A first edge detector 24 a may be employed to detect entry of the printing plate into the curing chamber 14. A second edge detector 24 b maybe employed to detect exit of the printing plate from the curing chamber 14. One or more temperature sensors 26 may be located in the curing chamber 14 to monitor temperature of the curing chamber 14 or the printing plate. One or more infrared thermocouples 28 may be located inside and/or outside the curing chamber 14 to monitor the temperature of a printing plate. One or more color densitometers 28 may be located inside and/or outside the curing chamber 14 to monitor the color of the printing plate.

Turning now to FIG. 1 b, an embodiment of the curing system 10 including an extraction system 30 is depicted. The extraction system 30 is operable to draw air, gases, and air suspended particles out of the curing chamber 14. The extraction system 30 removes matter which may ablate from the printing plates as they cure. The extraction may prevent or diminish the deposition of ablated material on the interior of the curing chamber 14 and the risk that deposited material may ablate off the interior of the curing chamber 14 and fall onto the printing plates, damaging the printing plates. The extraction system 30 may also be employed to cool the interior of the curing chamber 14 between printing plates, the cooling operation taking place at least partly through the action of convective cooling.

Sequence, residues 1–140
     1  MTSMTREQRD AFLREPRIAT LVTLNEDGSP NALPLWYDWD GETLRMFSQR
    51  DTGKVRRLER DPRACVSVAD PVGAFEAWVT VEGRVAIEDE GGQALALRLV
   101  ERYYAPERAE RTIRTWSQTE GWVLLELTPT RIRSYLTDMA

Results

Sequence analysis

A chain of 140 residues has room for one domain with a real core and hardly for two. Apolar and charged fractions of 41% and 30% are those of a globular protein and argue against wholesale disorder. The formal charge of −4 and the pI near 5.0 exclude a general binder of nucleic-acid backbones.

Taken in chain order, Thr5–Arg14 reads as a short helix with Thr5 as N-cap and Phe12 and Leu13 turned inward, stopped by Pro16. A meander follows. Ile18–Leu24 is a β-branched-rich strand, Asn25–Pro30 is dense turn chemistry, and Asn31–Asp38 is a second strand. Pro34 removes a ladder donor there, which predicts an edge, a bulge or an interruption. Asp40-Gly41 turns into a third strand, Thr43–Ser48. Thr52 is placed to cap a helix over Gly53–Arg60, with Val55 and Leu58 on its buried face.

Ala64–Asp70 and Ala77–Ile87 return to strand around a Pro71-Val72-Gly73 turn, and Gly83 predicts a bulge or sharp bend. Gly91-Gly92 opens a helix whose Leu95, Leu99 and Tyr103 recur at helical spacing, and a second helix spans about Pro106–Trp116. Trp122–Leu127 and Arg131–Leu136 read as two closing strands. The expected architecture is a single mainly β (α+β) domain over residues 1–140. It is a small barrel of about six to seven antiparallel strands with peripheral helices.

The extraction system 30 comprises a plurality of ports 32 disposed above and proximate to the conveyer belt 18. In this embodiment, the ports are distributed along the inside of both sides and both ends of the curing chamber 14. The ports 32 may be perforations of a conduit 34 attached to the interior of the curing chamber 14. The conduit 34 is attached to a source of low pressure air 36, for example a multi-speed fan. In an alternate embodiment, the ports 32 perforate the side walls of the curing chamber 14, an external manifold is attached sealingly to the side walls of the curing chamber 14, and the source of low pressure air 36 is attached to the external manifold. In an embodiment, the ports 32 and conduit 34 may be located only on the side walls of the chamber 14, parallel to the direction of motion of the printing plates passing through the curing chamber 14. The pressure differential between ambient pressure and the pressure provided by the source of low pressure air 36 may be increased to increase in-flow of air when cooling operations are conducted, for example by increasing the speed of a multi-speed fan. The source of low pressure air 36 may scrub or otherwise remove undesirable gases and particulate matter before venting to ambient. Ambient air may enter chamber 14 through openings in the ends of chamber 14 through which the conveyer 18 passes. The source of low pressure air 36 may be attached by one or more pipes or flexible hoses to the conduit 34 or external manifold. In an embodiment, a plurality of sources of low pressure air 36 may be employed.